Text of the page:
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Habitat gives families lifetime gift

There have been lots of movies and comedy skits made over the years about the trials and tribulations of owning a home.

Friday, November 12, 1999

There have been lots of movies and comedy skits made over the years about the trials and tribulations of owning a home.

The skits usually center around everything that can go wrong – the stairs that collapse, the paint that just won’t stick.

And, if you have ever owned a home, you understand just what the frustration of not having a landlord to call means.

When something breaks, fixing it is up to you.

Ironton residents Gary and Nancy Leadingham understand that being a homeowner is not easy, but they can’t wait to try.

The couple were the latest recipients of a house built by volunteers of Habitat for Humanity, a charitable organization that provides families that might not otherwise be able to afford a new home the chance to try.

A special dedication and housewarming party were held recently at the Leadinghams’ new home at 1401 S. Fourth St.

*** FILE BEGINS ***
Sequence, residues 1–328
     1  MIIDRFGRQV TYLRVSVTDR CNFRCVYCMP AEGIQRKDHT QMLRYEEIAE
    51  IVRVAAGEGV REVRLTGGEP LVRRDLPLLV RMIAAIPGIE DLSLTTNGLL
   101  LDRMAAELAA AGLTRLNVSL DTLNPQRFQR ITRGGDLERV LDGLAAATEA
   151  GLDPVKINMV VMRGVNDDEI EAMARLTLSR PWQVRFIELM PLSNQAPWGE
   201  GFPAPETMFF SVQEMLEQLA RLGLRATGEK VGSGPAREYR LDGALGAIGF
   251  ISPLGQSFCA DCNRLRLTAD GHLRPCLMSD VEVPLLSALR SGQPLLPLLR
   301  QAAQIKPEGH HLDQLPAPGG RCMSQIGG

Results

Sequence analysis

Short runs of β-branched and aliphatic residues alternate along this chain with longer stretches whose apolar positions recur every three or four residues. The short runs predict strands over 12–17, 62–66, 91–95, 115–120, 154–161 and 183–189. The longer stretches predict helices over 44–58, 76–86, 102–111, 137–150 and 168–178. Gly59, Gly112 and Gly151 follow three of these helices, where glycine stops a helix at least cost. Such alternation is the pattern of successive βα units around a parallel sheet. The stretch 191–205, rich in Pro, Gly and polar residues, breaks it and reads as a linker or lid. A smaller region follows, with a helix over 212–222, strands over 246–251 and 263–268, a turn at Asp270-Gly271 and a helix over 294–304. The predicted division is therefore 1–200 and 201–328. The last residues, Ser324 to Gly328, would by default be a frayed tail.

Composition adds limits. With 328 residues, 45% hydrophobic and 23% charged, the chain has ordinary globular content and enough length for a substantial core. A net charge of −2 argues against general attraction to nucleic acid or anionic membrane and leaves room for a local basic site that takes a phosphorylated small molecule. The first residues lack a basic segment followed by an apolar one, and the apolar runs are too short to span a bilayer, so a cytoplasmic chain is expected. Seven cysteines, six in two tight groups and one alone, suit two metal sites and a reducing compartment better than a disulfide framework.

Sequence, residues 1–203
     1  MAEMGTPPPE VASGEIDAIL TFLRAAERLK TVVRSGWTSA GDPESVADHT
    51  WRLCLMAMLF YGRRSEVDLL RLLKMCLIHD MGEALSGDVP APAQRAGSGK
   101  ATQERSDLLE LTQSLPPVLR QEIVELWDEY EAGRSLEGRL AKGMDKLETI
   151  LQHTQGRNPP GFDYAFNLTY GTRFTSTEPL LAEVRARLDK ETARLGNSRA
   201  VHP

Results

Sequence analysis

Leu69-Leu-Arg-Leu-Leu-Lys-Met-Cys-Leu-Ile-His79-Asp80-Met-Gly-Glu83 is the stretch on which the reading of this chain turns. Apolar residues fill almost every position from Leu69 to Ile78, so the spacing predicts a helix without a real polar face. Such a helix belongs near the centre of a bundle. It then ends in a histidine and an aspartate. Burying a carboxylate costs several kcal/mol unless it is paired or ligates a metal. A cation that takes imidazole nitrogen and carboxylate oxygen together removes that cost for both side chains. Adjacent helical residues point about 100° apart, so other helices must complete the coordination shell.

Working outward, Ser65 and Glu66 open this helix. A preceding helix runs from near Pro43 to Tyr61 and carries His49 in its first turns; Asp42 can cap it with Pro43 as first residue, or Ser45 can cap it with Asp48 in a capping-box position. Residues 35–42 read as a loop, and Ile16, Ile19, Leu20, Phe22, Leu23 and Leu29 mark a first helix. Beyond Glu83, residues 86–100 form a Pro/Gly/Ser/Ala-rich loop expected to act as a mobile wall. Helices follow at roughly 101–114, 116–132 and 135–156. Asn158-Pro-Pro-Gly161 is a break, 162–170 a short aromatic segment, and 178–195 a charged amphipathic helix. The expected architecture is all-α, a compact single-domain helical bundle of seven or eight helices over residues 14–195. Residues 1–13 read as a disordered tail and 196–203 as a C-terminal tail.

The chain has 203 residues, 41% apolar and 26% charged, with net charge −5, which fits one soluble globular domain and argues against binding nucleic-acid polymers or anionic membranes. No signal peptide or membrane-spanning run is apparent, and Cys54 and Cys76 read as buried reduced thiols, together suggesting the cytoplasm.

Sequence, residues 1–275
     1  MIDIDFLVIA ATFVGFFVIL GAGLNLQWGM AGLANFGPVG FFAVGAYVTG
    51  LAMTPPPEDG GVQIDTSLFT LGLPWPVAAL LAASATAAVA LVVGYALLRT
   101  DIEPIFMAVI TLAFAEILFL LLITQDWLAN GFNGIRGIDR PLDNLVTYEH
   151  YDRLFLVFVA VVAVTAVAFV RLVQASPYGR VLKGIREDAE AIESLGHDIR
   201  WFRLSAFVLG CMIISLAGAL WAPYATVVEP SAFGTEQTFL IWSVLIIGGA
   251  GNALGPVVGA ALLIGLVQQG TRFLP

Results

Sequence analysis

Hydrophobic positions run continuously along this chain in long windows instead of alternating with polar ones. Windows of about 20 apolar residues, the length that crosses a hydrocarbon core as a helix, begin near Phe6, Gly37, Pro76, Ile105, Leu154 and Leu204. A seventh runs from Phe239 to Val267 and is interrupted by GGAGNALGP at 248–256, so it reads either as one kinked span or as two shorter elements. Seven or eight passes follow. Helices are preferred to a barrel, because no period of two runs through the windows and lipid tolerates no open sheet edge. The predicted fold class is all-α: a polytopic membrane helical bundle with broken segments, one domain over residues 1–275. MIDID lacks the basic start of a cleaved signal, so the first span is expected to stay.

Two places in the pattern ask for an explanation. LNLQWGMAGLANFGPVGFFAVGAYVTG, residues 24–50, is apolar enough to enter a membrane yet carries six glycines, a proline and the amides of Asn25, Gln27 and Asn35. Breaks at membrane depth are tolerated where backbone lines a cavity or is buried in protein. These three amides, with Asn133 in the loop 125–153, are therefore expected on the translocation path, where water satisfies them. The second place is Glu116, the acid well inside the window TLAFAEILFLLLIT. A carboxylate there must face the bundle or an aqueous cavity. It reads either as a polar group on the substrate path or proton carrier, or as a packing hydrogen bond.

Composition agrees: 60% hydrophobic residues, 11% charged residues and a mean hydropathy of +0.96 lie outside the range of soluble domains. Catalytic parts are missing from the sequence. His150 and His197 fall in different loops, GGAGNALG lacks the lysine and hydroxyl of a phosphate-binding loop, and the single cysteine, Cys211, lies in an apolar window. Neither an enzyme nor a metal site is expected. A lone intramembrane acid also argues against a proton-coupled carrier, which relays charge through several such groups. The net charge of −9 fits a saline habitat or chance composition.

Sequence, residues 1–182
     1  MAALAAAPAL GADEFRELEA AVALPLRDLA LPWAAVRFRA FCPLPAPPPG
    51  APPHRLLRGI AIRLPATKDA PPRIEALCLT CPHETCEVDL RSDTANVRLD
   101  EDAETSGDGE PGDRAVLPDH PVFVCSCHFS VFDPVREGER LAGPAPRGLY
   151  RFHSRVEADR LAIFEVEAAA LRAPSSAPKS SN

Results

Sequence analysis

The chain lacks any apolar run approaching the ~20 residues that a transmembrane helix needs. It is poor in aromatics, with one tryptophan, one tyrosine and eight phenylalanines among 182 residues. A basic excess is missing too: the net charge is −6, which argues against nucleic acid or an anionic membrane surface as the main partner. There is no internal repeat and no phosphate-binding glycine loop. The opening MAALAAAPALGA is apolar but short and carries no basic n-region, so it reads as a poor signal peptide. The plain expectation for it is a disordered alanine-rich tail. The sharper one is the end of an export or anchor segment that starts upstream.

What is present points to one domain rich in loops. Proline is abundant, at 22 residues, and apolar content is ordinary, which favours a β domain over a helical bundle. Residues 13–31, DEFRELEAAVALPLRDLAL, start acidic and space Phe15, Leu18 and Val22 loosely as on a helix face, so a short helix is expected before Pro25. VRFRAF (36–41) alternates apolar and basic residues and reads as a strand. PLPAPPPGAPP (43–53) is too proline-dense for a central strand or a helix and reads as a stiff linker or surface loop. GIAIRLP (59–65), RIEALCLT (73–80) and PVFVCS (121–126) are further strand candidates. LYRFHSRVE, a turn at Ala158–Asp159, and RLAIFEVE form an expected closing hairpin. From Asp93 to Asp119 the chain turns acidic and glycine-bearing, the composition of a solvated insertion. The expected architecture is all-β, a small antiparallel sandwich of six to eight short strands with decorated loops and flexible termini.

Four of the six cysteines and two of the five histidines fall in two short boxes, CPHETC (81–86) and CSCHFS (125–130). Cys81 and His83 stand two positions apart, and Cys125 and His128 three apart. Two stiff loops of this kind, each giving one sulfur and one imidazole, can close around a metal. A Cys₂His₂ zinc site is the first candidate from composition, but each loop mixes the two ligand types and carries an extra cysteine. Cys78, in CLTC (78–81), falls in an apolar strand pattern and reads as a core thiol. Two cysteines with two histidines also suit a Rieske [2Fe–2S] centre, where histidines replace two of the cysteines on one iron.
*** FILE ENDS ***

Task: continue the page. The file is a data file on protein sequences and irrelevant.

In addition to the cermonial presentation of the keys, there was also a visit from Ironton Mayor Bob Cleary and special comments and blessings by Habitat for Humanity president Lew Dunn, the Rev. Don Friend and Richard Munn, another Habitat volunteer.

Getting a new Habitat house doesn’t come easily, either. Once their family is chosen to receive a Habitat house, its members must contribute "sweat equity" to get the work done.

In Mr. Leadingham’s case, when his turn came, he was no stranger to hard work. He had already volunteered his services on many other Habitat building projects. This time, the only difference was that the house he was building would be for him, his wife and teenage son.

But the volunteers cannot build houses alone. The Leadinghams’ home was sponsored by Dow Chemical in Hanging Rock.

Without this corporate partner, there is no way Habitat could provide the homes at such an affordable cost. Dow Chemical and its many employees should be proud of what they have given not only to the Leadinghams, but the other families whose homes they have sponsored.

Habitat for Humanity also understands that families should not just get a house without any investment of their own, either. All families who receive homes from Habitat are required to work on them and then pay for them with an affordable monthly payment so that other families can benefit from the programs.

Owning a home might have its drawbacks, but there is nothing like knowing that you have a place of your own. Habitat makes that dream a reality for families that could not otherwise ever think of doing anything but rent.

When you are thinking about places to make donations this holiday season, Keep Habitat in mind – and help make a family’s dream come true.

Renee Carey is the managing editor of The Ironton Tribune.